New York City can be said to have the carcass of a federated system framework without its substance



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Multi-tier local government systems
adopted in many parts of the world

By Mayraj Fahim, Local government adviser*

13 August 2009: Anyone living in a region where there are counties, or similar counterparts with a different terminology, and municipal units, is familiar with what can be termed a federated (multi-tier) local system. However, what is not commonly known is that from the 1950s onwards, integrated federated frameworks were, and still are, being increasingly adapted for local regions in many countries.

| Evolution | Examples | Full version of article | Copyright |

The main reason for this rise is that by the 1950s populations generally started moving from rural to urban regions. Integrated frameworks allow both for an efficient interconnected system that can facilitate economic improvement and one that is also more grass roots-oriented, particularly when put into effect within the context of a city system that tends to deliver greater systemic equity across a region. Such systems have been established either by the linking up of neighboring units or by devolution. Integrated federated frameworks have been applied in citywide, countywide and multi-county frameworks.

Specific examples of integrated federated systems include the following: the new system in Montreal, Canada (as well as its predecessor, the Montreal Urban Community); Birmingham, UK, with its new changes, as well as the features it introduced in the 1980s; Paris, France, and London, UK; Miami-Dade County, Florida, and the Twin Cities Metro system, Minnesota; the non-urban county-district-parish county framework within the UK; the new changes in the city government structure of Los Angeles, California; the regional districts of British Columbia, Canada; Bogotá city government system and the many regional councils and councils of government in the US. All of the foregoing reflect applications of the methodology applied in different contexts in amplified and limited modes of operation.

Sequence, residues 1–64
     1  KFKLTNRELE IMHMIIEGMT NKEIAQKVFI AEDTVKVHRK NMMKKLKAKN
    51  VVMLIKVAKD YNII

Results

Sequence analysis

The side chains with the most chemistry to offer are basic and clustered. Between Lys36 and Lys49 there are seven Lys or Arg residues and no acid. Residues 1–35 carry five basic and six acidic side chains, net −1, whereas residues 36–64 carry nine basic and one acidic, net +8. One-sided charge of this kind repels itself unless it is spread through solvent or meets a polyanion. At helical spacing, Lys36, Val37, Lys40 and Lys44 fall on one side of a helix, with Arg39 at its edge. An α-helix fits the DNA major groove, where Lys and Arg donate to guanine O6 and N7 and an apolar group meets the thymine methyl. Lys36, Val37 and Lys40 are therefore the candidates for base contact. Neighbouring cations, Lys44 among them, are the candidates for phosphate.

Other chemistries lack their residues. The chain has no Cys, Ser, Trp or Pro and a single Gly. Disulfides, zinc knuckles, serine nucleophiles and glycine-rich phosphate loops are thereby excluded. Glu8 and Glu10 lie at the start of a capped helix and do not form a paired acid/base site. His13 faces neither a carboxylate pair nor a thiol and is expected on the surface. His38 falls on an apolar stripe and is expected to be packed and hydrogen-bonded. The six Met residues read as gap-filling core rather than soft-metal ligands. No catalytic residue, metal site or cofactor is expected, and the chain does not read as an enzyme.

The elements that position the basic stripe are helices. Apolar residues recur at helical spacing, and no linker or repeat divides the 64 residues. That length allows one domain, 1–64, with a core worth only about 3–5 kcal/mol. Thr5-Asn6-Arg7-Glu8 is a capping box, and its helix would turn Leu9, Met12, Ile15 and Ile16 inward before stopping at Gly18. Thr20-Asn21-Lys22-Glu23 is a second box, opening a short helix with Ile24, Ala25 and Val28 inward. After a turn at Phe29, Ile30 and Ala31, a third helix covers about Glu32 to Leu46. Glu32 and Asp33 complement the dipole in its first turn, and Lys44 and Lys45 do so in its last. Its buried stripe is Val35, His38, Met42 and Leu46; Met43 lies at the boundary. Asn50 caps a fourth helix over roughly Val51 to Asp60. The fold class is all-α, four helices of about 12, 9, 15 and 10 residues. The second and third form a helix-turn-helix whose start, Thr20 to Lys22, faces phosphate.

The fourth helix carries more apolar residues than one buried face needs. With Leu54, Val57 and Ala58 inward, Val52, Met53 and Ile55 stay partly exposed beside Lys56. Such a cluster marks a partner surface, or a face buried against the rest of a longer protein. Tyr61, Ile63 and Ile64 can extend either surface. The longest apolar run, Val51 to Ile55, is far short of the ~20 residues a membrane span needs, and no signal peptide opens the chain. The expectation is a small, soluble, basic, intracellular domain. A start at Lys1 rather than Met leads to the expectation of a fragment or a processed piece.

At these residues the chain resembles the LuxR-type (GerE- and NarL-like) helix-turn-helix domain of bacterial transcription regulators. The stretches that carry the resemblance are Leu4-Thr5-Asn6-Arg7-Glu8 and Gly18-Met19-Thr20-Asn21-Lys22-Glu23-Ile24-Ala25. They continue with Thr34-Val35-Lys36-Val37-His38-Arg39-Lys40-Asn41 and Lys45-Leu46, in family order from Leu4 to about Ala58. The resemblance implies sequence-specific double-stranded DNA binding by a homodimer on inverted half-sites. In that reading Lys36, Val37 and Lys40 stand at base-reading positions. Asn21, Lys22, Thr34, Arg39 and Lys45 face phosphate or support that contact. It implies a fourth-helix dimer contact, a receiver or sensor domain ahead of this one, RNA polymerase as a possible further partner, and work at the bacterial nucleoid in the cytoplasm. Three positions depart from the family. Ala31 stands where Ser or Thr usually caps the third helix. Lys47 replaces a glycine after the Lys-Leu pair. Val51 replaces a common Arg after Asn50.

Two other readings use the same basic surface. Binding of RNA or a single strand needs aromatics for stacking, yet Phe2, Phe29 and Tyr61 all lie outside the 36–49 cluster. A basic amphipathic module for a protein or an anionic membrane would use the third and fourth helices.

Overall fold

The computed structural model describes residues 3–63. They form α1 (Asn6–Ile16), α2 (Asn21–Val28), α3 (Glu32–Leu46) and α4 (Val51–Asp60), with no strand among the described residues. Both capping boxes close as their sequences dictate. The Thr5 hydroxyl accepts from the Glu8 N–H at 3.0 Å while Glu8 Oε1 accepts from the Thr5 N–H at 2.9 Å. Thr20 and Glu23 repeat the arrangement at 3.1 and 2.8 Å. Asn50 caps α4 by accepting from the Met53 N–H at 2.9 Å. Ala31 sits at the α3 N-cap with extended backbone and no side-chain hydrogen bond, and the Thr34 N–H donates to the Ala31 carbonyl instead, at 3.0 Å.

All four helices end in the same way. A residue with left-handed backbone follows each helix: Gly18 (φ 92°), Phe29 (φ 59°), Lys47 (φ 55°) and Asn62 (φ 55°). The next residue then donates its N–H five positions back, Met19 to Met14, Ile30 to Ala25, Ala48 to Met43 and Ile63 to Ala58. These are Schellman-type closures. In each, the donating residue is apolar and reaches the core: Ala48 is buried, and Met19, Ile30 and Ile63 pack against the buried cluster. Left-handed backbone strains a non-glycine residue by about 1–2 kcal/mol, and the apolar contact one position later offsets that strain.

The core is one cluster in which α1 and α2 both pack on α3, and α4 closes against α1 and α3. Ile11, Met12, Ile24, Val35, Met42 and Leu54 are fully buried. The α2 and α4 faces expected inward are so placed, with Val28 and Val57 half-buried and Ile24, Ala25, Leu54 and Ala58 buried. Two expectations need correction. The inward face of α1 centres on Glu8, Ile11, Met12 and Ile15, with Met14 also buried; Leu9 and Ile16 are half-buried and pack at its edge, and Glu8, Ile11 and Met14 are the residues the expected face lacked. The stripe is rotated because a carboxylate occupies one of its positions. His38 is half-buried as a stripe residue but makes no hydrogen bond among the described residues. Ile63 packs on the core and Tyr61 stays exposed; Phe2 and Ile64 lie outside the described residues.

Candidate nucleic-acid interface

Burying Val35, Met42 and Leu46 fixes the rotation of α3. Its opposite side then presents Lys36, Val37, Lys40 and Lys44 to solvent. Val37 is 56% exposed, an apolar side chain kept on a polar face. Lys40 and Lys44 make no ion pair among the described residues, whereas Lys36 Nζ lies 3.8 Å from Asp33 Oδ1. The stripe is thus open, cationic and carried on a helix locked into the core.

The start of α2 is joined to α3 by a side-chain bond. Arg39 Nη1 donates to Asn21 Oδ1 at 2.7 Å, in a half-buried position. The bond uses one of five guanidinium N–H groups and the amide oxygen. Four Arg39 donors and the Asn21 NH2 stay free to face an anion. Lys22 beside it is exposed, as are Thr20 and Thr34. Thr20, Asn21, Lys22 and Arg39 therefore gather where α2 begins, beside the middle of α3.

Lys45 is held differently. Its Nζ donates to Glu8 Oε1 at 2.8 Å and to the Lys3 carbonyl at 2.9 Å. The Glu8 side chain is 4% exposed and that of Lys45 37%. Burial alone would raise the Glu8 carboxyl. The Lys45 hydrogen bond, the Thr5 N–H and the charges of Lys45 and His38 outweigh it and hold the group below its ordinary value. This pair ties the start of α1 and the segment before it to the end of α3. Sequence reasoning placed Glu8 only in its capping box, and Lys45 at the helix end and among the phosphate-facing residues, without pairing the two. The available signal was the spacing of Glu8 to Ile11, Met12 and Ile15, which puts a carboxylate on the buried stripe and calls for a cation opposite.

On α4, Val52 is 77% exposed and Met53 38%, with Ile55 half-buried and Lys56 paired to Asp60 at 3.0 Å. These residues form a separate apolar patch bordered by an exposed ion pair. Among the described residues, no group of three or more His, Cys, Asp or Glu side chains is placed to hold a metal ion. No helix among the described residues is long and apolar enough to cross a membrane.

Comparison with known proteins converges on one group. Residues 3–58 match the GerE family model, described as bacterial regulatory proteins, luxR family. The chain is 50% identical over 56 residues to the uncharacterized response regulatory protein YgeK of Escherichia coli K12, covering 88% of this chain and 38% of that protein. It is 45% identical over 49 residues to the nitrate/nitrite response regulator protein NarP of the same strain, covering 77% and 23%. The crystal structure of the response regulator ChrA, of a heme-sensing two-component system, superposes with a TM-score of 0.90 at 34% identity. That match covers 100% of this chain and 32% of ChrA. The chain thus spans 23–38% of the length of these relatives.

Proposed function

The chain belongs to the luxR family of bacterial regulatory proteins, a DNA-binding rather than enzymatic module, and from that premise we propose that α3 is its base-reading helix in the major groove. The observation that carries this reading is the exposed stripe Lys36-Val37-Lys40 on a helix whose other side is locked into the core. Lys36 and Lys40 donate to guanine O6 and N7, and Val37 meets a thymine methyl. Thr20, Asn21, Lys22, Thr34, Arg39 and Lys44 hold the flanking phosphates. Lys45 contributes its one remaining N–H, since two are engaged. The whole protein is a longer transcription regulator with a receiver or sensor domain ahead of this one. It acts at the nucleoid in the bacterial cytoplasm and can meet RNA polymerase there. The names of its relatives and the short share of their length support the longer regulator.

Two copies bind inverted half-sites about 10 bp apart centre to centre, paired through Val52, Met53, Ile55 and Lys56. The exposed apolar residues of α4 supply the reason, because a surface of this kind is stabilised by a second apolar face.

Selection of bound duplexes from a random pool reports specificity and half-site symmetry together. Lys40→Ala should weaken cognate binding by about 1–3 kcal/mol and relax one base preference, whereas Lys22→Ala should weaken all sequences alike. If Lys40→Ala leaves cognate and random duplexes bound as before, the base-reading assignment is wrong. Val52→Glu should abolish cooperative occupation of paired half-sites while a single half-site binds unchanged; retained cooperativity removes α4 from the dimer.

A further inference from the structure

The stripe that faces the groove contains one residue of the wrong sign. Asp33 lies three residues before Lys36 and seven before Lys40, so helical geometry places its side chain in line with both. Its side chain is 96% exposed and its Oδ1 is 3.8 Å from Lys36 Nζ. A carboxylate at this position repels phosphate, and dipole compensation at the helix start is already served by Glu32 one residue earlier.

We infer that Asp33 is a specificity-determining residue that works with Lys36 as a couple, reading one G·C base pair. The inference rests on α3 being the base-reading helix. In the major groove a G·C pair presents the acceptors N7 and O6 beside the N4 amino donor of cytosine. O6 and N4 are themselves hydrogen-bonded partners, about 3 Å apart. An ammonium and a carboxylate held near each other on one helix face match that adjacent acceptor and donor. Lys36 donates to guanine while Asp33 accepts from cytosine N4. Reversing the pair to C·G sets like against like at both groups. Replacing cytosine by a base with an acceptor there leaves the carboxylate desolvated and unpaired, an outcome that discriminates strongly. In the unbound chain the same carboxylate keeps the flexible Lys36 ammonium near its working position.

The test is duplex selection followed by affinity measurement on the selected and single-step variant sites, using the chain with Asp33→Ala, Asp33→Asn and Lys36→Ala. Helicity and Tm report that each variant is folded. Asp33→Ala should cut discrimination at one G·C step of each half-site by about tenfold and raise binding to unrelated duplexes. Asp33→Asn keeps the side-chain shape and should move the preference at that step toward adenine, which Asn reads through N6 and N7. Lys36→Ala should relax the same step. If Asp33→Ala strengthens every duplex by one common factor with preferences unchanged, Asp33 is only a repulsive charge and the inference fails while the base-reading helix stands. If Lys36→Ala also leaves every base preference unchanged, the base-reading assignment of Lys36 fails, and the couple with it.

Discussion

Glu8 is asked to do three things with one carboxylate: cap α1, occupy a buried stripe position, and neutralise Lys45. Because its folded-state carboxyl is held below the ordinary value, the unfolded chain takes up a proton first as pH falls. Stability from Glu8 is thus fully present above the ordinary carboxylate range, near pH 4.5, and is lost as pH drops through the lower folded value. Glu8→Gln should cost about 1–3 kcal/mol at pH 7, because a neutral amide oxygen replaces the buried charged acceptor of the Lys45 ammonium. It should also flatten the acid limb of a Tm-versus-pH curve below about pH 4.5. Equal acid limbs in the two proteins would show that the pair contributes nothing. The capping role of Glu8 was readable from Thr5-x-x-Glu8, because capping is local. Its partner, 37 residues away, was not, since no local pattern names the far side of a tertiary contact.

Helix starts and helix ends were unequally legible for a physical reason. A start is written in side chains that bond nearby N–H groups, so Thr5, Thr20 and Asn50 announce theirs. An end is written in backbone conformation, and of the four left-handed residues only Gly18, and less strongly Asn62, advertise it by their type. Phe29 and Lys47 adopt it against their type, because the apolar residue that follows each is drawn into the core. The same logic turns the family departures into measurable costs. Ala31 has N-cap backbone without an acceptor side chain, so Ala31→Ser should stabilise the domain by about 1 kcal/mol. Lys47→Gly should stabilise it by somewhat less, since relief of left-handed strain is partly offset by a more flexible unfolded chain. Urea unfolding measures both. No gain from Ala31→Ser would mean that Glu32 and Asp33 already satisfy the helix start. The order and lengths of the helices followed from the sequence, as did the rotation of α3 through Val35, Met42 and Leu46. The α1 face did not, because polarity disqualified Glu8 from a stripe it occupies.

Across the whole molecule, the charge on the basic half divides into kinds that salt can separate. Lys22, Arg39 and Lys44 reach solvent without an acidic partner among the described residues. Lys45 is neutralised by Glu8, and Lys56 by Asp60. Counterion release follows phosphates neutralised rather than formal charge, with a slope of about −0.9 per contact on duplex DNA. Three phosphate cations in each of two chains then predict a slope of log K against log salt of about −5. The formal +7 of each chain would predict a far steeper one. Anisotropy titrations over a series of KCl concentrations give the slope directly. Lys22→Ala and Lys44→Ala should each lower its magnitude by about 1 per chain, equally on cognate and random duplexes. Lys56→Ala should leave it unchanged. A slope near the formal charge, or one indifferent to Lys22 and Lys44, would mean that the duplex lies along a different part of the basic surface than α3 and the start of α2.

However, the first integrated federated local system, which inspired other variations, was introduced in the latter half of the 18th Century in France. In the latter half of the 19th Century England was the first nation to adapt its framework, and to do so in the rural context as well as in addition to London’s urban example. To this day England and its former colonies are among the regions where this methodology has been applied. In fact, all the five new systems implemented between 2001 and 2003 were implemented in England or in her former colonies and/or by natives of those colonies. Nonetheless, it is in the nation of the pioneering 18th Century example that the most diverse reflections of this methodology can be found, with other nations mostly adapting parts of the same - though some adaptations possess features not found in the nation of origin.

These frameworks have been introduced in both incremental and wholesale efforts, with the five new systems implemented between 2001 and 2003 in five countries reflecting both ends of the spectrum. The way to identify an incremental phase is to see whether it can be evolved into a more amplified and substantial framework.

For instance, Birmingham’s current changes involve building on the neighborhood offices it put in place during the 1980s. Sydney, Australia, is establishing neighboring offices, and part of the new Los Angeles changes involve the setting up of sub-regional city government offices. However, neither Sydney nor Los Angeles is at the place that Birmingham is now evolving into.

Evolution
In essence, integrated federated systems have two main variations that have spawned others.

Substantial frameworks
The first citywide framework has inspired variations that establish substantial area-wide systems with defined powers and power sharing between the constituent parts. Today, such frameworks are no longer merely confined to city regions – they are also applied in countywide and multi-county regional arrangements. In the US, the largest regional system - the Twin Cities, Minnesota, system - has delivered one of the principal features of this methodology: greater equity across the spectrum. In 30 years, it has been noted that inequality in the per capita tax base between the rich and poorer halves has been reduced from a ratio of 50-1 to 12-1. Other US states have in modified ways endeavored to emulate the Minnesota example. To the degree that they have done so, they have moved the US system towards more integrated frameworks. At the moment the US is characterized by having a majority of transitional mechanisms with a handful of more substantive frameworks.

Interlocal cooperative mechanisms